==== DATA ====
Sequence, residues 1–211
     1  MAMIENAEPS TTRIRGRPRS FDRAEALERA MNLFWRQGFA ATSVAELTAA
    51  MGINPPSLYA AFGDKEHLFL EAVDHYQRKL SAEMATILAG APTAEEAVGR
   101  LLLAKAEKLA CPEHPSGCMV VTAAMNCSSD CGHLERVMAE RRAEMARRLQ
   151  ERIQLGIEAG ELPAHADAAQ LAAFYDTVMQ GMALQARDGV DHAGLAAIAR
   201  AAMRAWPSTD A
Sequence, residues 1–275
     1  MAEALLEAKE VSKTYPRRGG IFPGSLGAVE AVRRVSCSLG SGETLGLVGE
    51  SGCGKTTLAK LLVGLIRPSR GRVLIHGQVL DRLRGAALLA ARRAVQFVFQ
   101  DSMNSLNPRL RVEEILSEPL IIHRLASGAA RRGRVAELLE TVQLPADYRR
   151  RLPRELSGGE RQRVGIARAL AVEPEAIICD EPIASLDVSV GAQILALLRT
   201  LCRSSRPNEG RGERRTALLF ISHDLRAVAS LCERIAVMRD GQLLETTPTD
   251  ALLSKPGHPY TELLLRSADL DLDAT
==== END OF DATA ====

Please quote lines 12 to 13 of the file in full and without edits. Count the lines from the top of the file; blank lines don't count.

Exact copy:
   201  LCRSSRPNEG RGERRTALLF ISHDLRAVAS LCERIAVMRD GQLLETTPTD
   251  ALLSKPGHPY TELLLRSADL DLDAT